A **series** is the sum of all the terms in a sequence (the sequence may be **finite** or **infinite**).

You have already met arithmetic and geometric series and applied the formulae for their series:

We will build on and extend this work, by looking at **convergent **series and series of squares and cubes of numbers.

**Summation formulae: Σr, Σr ^{2}, Σr^{3}**

Let’s think about language first.

means that k is added together n times, i.e. this is equal to kn.

However, is quite different and means the sum of the digits from 1 to n, i.e. an arithmetic sequence with first term 1 and difference 1, which from the formula above has a sum of

In summary,

**Worked Example**

Find and hence calculate

**Note**

We are not restricted to “n” as our upper limit, for instance would be

We can use this to deduce as this is the sum of the first 2n terms minus the first n terms, so is , which is

**Worked example 2**

Find an expression for the first n terms of: 1 + 3 + 5 + 7 + …

**Σr ^{2}**

Let’s work with the binomial expansion (r+1)^{3}=r^{3}+3r^{2}+3r+1

If we substitute 1,2,3, …,n into this equation we get:

2^{3} = 1^{3} + 3×1^{2} + 3×1 + 1

3^{3} = 2^{3} + 3×2^{2} + 3×2 + 1

4^{3} = 3^{3} + 3×3^{2} + 3×3 +1

…

(n+1)^{3} = n^{3} + 3xn^{2} +3xn +1

If we add all of the terms on the right hand side, we have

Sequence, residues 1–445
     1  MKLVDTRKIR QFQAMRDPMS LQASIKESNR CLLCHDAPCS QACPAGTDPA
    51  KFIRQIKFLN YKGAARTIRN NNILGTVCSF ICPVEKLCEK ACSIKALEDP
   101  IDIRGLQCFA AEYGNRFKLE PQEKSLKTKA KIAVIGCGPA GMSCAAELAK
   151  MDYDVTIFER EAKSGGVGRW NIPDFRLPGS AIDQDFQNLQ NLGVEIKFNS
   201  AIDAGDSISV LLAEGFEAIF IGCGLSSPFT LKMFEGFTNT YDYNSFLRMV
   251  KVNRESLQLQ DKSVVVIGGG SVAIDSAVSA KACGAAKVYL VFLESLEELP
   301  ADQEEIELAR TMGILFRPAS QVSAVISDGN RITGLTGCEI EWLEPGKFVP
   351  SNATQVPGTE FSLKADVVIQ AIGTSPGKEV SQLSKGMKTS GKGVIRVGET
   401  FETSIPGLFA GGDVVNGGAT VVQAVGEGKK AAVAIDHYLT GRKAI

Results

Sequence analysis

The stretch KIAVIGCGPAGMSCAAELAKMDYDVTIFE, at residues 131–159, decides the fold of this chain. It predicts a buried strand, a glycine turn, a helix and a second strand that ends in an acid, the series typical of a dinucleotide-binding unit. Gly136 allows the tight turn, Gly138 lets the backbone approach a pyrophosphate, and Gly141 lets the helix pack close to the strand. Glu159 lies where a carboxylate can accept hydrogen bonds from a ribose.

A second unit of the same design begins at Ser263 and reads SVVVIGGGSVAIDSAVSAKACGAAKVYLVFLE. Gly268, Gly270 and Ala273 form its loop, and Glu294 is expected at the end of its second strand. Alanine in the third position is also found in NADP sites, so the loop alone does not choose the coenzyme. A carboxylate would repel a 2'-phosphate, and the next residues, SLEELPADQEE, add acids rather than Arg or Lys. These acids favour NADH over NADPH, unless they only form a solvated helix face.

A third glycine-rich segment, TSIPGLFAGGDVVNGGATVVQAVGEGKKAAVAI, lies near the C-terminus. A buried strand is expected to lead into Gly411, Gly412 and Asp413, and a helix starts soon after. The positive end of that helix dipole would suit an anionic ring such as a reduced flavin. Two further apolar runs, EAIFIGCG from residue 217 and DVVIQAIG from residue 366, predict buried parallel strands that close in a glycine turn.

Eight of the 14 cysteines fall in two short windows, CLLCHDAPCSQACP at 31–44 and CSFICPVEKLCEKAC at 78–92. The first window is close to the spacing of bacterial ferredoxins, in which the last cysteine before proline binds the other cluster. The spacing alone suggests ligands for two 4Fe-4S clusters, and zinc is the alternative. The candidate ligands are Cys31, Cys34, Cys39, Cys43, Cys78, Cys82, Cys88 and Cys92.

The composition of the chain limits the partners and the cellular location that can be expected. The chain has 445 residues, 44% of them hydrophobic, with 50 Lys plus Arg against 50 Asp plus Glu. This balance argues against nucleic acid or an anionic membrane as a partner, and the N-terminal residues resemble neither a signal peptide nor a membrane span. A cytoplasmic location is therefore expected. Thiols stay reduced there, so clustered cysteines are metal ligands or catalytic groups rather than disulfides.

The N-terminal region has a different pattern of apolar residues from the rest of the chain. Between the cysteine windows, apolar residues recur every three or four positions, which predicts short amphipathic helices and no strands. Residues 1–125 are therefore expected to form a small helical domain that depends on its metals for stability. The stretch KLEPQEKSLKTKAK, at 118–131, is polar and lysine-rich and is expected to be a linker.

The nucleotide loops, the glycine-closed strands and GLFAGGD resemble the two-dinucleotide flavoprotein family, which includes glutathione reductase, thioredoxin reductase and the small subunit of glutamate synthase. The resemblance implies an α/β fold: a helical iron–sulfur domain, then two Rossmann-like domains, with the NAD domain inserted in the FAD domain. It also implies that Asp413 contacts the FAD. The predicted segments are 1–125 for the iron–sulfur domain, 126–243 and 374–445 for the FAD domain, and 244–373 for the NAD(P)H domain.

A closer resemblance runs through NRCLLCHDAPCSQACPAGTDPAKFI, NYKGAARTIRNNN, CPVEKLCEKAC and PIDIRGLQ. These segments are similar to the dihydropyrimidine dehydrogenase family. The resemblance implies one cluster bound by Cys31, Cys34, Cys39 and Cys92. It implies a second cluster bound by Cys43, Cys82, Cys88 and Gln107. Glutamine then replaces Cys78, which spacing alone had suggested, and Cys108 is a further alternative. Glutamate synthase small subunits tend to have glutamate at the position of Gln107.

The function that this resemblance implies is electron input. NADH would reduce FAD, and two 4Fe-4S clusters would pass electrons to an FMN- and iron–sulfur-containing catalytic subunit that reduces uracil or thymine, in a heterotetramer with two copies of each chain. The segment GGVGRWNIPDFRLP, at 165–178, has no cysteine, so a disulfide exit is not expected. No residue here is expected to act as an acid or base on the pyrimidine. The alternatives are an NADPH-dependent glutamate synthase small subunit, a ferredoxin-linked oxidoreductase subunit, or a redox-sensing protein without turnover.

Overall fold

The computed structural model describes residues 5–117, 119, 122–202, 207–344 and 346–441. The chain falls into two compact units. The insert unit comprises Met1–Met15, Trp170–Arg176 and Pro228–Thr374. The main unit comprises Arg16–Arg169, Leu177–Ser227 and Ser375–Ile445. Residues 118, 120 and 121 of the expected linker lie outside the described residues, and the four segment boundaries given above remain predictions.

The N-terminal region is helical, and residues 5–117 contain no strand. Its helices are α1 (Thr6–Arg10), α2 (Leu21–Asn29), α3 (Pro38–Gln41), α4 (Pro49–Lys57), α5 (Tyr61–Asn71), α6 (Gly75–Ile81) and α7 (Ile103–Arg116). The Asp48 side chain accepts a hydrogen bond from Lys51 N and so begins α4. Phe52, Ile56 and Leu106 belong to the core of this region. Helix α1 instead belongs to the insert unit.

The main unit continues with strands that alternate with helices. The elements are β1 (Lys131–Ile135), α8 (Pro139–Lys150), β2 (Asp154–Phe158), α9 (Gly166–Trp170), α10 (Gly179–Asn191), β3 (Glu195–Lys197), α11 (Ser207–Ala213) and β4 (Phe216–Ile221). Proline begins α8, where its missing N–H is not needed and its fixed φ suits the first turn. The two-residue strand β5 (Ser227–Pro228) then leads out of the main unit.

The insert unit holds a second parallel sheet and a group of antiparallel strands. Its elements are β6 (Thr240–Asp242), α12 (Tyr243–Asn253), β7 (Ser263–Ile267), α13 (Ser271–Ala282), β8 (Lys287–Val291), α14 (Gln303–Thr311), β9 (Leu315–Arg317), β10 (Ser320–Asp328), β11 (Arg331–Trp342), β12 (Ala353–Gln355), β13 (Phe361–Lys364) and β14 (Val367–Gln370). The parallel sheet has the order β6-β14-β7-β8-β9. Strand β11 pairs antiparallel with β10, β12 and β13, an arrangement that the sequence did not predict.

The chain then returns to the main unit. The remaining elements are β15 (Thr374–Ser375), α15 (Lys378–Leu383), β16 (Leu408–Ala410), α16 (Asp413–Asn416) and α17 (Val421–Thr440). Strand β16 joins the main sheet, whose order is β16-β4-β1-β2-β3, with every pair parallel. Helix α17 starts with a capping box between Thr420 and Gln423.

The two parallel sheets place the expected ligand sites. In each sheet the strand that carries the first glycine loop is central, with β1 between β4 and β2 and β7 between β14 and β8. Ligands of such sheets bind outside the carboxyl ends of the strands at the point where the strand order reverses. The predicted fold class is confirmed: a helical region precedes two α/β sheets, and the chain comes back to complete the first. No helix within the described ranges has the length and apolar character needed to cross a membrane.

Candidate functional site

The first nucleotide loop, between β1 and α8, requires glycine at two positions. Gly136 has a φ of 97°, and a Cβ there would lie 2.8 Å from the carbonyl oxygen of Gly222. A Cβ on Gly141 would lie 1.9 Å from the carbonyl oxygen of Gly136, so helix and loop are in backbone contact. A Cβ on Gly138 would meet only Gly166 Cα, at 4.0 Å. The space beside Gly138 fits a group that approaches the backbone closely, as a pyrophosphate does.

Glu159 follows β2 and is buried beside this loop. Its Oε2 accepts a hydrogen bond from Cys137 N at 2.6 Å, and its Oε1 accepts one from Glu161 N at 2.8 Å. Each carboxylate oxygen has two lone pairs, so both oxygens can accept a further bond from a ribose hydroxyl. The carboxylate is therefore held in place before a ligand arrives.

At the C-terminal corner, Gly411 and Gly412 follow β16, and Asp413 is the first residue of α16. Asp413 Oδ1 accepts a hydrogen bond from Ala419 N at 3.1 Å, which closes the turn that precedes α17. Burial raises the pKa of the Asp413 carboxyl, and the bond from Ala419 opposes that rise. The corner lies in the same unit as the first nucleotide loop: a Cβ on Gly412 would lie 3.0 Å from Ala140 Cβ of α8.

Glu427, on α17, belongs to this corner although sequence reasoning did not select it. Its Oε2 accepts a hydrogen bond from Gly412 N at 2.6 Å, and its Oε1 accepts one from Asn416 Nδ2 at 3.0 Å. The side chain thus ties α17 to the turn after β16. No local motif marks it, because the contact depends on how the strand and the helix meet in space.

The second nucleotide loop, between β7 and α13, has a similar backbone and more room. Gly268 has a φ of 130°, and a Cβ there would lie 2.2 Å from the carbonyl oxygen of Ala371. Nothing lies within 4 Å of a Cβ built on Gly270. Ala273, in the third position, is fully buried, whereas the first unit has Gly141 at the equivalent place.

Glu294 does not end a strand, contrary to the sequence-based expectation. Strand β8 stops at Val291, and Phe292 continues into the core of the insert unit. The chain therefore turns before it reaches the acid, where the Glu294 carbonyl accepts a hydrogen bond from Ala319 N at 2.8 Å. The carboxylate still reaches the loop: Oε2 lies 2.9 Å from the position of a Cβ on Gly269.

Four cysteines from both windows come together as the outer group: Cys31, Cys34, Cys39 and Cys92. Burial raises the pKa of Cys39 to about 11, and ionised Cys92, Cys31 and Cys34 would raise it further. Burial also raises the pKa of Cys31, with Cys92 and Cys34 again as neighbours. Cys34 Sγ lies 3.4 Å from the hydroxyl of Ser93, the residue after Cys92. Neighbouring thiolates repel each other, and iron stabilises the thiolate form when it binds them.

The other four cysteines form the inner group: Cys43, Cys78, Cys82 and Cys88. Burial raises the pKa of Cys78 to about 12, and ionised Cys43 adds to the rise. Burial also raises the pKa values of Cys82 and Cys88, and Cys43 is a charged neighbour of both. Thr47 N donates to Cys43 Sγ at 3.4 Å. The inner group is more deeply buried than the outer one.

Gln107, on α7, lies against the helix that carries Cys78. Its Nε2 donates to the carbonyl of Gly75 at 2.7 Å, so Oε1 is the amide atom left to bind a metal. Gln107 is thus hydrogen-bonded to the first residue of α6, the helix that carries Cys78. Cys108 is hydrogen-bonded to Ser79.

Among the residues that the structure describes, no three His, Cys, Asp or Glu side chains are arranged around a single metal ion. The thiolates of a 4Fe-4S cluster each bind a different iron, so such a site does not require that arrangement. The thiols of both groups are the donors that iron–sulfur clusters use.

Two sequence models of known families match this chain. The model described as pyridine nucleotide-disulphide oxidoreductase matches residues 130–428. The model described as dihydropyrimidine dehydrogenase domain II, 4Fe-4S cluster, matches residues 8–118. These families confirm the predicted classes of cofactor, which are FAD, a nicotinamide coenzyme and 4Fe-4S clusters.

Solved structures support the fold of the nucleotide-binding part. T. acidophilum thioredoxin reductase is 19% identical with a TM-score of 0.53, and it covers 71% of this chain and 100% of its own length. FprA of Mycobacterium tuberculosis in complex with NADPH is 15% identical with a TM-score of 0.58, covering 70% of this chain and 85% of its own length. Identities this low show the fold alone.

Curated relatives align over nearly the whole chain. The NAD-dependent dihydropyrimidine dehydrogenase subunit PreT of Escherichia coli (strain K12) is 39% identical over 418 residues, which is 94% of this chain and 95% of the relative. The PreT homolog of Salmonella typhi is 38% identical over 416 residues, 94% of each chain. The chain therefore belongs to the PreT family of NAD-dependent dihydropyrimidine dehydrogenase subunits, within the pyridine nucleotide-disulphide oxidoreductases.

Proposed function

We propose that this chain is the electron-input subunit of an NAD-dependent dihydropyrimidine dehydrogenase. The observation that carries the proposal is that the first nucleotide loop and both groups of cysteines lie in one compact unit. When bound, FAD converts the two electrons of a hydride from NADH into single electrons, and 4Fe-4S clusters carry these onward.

We can then add 1 (i.e. 1^{3}) to both aides of the equation to give us:

We notice that both sides of the equation include so we can subtract this leaving which we can then solve to give a formula for

**Worked Example**

Find an expression in terms of n for

**Σr ^{3}**

Similar to our last example, let’s start with the binomial expansion (r+1)^{4}=r^{4}+4r^{3}+6r^{2}+4r+1, and substitute in successive natural numbers, giving:

2^{4} = 1^{4} + 4×1^{3} + 6×1^{2} + 4×1 + 1

3^{4} = 2^{4} + 4×2^{3} + 6×2^{2} + 4×2 + 1

4^{4} = 3^{4} + 4×3^{3} + 6×3^{2} + 4×3 +1

…

(n+1)^{4} = n^{4} + 4xn^{3} + 6xn^{2} +4xn +1.

Adding 1 to both sides and summing give:

Following the same procedures as above, we can rearrange this to find

**Standard Summations Reminder (in formula book, but also good to memorise)**

**Worked Example**

Find an expression in terms of n for

**Exercise 1**

**Answers to Exercise 1**

1,2. Proof; 3. -n, 4. Proof; 5. 6. , 7. 328,350, 8. Proof, 32,760, 9. 204,020,000

Worked Solutions to Exercise 1

**Converging Series**

We will now look at infinite series with a finite sum. In order to identify the finite sum, we will have to spot patterns within the series.

Let’s consider first .

If we look at the first few terms, it is hard to spot a pattern.

So let’s try a different methods. Using the **partial fractions** method, let’s rewrite (do you remember how to do this?)

So we can now look at .

If we look at the first few terms of this: we see that all of the terms in the middle cancel out, leaving us with just , i.e.

When we cancel terms in this way we are using what is called the **method of differences**.

**Worked examples**

- Find in terms of n, the sum of
- ;
- ;
- ;
- .

**Exercise 2 and General Exercise**

**Answers to Exercise 2 and General Exercise**

Worked Solutions to Exercise 2

**Past Paper Exam Questions**

Summer 2020 11:

Winter 2020 11:

Winter 2020 12:

Summer 2019 11:

Summer 2019 13: